Maybe…       Jx

With special thanks to Aire de Sevilla, Pavel Colon and Eva Vanhee for helping make this happen.

Visit airedesevilla.com to book your own healing experience.



all enquiries: diary.aesthete@yahoo.co.uk


  1. Seville is a center for flamenco, but then all of Andalusia is. Actually, Madrid is the center for it right now. My favorite is Granada, but that has more to do with a language and flamenco school there. But have to return to Seville again!

  2. great places, great shots. as always, the photos tells it all. do you have someone who photographs you, or everything is selfie? I’m awestruck, really!

    1. Thank you much!
      I really love Seville, its energy and beauty.

      Most of the pictures of me in this post are self-portraits, shot with my camera and a little tripod. A couple were shot by people I met. I was there in Feb so there weren’t so many tourists… I had plenty of space to create 🙂


      1. I’m jealous. Hahhaha. I often have a hard time taking selfie with my dslr. since I am used to using manual, the focus is all over the place. Do you use dslr for your selfie? auto? I’m dead curious. = )

        I wish I can master the selfie with my dslr.

        1. I do sometimes use manual focus on a self-portrait, but mostly I focus the lens onto something else more-or-less at the same depth as where I propose to stand. Depends really. Self-portraits don’t always work, but with a keen eye and a bit of patience I usually get something I’m happy with. Takes a lot of practice and mistakes, of course. Learning how to do self-portraits has really helped me on my solo travels especially.

          Wishing you all the best with your endeavours <3

        2. i usually do self portraits with my point and shoot olympus and i wanna try the dslr as well. I guess it takes a lot of practice to do that and loads of patience, hahahah.

          Thanks for the insight. This would help. Wishing you the best, too, on your travels!

  3. A wonderful post! Would love to visit Sevilla after ready this! Especially those baths, you describe it like something out of an ancient Roman romantic!

  4. Ah James your words capture me and draw me through your awe inspiring tour. The Flamenco even if I watch a video of this dancing it give me chills and the vibration traverse my whole being, the intense beat releases so much which is unnecessarily clinging.

    1. Well put. It is true – it is a sort of cleansing experience, bringing all to the surface. It helped me to ride the waves of my physical and emotional discomfort, my pain. Beauty always helps… Jx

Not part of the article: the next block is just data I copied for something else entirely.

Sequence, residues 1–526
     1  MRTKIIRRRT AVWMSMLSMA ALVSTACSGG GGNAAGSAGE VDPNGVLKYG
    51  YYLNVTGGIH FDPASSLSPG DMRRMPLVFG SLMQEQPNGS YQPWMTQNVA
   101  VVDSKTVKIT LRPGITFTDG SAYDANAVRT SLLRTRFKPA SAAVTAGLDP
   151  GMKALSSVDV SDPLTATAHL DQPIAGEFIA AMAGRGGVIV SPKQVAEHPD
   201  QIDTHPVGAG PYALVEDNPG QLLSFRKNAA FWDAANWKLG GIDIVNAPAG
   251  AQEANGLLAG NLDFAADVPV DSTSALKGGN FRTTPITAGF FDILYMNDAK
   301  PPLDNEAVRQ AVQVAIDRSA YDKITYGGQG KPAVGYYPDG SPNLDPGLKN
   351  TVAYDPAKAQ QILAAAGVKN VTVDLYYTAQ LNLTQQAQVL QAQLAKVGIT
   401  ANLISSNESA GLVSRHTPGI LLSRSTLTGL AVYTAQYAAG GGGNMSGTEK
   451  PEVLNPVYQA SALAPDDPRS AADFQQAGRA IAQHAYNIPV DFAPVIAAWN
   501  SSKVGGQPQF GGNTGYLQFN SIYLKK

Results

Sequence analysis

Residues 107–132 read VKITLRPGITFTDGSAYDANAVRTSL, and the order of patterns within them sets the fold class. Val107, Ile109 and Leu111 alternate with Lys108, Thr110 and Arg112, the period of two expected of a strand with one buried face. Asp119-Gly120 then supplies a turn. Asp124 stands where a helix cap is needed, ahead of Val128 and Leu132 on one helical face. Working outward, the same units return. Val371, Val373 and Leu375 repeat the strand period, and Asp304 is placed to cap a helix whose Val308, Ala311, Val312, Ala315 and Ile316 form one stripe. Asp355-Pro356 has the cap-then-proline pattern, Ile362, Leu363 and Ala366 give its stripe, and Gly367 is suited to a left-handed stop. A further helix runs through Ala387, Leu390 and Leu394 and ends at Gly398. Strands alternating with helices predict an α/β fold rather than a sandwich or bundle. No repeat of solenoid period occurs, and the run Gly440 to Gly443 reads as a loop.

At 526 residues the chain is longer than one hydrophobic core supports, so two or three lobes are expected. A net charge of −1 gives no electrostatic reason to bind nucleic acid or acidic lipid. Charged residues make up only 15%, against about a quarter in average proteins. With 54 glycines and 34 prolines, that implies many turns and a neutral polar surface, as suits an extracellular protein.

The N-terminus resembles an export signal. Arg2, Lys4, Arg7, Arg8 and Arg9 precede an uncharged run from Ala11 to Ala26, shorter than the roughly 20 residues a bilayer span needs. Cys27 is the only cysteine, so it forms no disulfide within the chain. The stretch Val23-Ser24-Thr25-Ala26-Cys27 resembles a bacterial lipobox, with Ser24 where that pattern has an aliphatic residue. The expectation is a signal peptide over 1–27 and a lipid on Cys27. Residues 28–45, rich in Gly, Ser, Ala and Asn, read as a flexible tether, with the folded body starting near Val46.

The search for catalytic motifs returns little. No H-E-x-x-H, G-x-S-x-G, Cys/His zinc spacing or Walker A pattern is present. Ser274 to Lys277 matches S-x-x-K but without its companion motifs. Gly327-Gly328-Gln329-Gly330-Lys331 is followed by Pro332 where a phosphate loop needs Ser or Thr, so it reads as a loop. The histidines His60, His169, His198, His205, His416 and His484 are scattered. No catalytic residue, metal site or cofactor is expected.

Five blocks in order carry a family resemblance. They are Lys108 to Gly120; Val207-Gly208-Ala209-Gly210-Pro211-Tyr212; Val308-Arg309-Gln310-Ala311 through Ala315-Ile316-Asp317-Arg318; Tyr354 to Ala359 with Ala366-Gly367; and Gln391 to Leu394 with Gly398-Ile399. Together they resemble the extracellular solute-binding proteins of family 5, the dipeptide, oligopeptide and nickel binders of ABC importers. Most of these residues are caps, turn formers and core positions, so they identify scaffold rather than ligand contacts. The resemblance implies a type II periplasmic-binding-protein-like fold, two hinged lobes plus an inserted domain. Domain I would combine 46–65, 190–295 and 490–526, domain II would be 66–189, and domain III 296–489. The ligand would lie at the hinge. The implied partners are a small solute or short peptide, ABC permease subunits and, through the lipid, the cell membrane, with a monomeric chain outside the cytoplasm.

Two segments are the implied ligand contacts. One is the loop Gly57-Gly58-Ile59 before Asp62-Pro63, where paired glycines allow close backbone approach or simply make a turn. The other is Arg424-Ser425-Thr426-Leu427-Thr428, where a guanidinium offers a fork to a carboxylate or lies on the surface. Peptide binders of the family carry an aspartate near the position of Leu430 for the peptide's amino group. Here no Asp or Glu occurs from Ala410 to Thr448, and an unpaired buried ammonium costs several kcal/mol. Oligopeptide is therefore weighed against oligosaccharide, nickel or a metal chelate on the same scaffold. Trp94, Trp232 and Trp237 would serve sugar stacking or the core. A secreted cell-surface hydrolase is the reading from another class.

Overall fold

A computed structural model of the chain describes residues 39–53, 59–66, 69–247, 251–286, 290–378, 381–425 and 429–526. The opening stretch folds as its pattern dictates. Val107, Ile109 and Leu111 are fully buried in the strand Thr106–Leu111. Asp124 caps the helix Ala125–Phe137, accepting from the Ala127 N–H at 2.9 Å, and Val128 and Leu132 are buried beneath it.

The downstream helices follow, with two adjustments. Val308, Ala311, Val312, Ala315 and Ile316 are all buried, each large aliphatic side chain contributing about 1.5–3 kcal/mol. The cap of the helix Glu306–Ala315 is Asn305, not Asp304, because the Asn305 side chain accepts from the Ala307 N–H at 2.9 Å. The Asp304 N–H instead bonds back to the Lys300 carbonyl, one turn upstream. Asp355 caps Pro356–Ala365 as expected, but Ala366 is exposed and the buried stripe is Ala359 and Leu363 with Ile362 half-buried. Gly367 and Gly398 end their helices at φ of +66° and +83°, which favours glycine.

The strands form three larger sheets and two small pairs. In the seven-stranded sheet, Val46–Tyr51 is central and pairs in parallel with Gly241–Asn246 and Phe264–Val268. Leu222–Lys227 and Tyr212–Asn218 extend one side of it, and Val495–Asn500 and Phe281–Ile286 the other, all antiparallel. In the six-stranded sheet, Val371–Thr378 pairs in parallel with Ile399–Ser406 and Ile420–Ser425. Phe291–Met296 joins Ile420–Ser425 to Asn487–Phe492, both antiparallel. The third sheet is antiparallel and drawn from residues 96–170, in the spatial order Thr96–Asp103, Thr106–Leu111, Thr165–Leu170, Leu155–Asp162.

5. Enthralling, as always. Your photography and story-telling grows ever-richer. My stomach leaps every time I see a new post of yours. A chance to delve once again into your fascinating existence! Cheers. Simon.

    1. Thank you so much! That’s such a lovely thing to read. Each day I have grown, and this journey only gets deeper along the way, more profound, richer. Sometimes, I wake up and the first thing that occurs to me is how exciting my life is. I am very lucky, indeed… Jx

  6. This is ethereal and beautiful and totally caught me! Your photos and story are extraordinary. Thoroughly enjoyed!

  7. I’ve been willing to visit Sevilla for a long time, and I think this year will be the perfect time to do it.

    You’ve got some incredible photos here! Cheers 😉 Keep up the good work.

  8. Ah wonderful Sevilla! So glad the spirit of Spain has now had its turn to inspire you, as it has done me so often over the years. Your photos perfectly capture the earthy vivacity of the city and the enthusiasm of your embrace. Enhorabuena!

    1. I am caught in the grips of Spain recently. Looking forward to an imminent return. Would like to settle for a while in Spain actually… we shall see. Glad you’re still on the path of inspiration! All the best. Thanks for reading. Jx

  9. Beautiful photos and descriptions. I’m so sorry your health is so challenging these days but oh so happy you are so courageous in traveling alone to foreign lands and have such a wonderful ability to allow that travel to move you, infuse you, and to share it so beautifully with others.

    1. “Infuse you” – I love that. And thank you, K! I am actually feeling much better, back to full health and back on the road for the next six months so very happy, feeling alive and very blessed… Jx

Shine Your Light...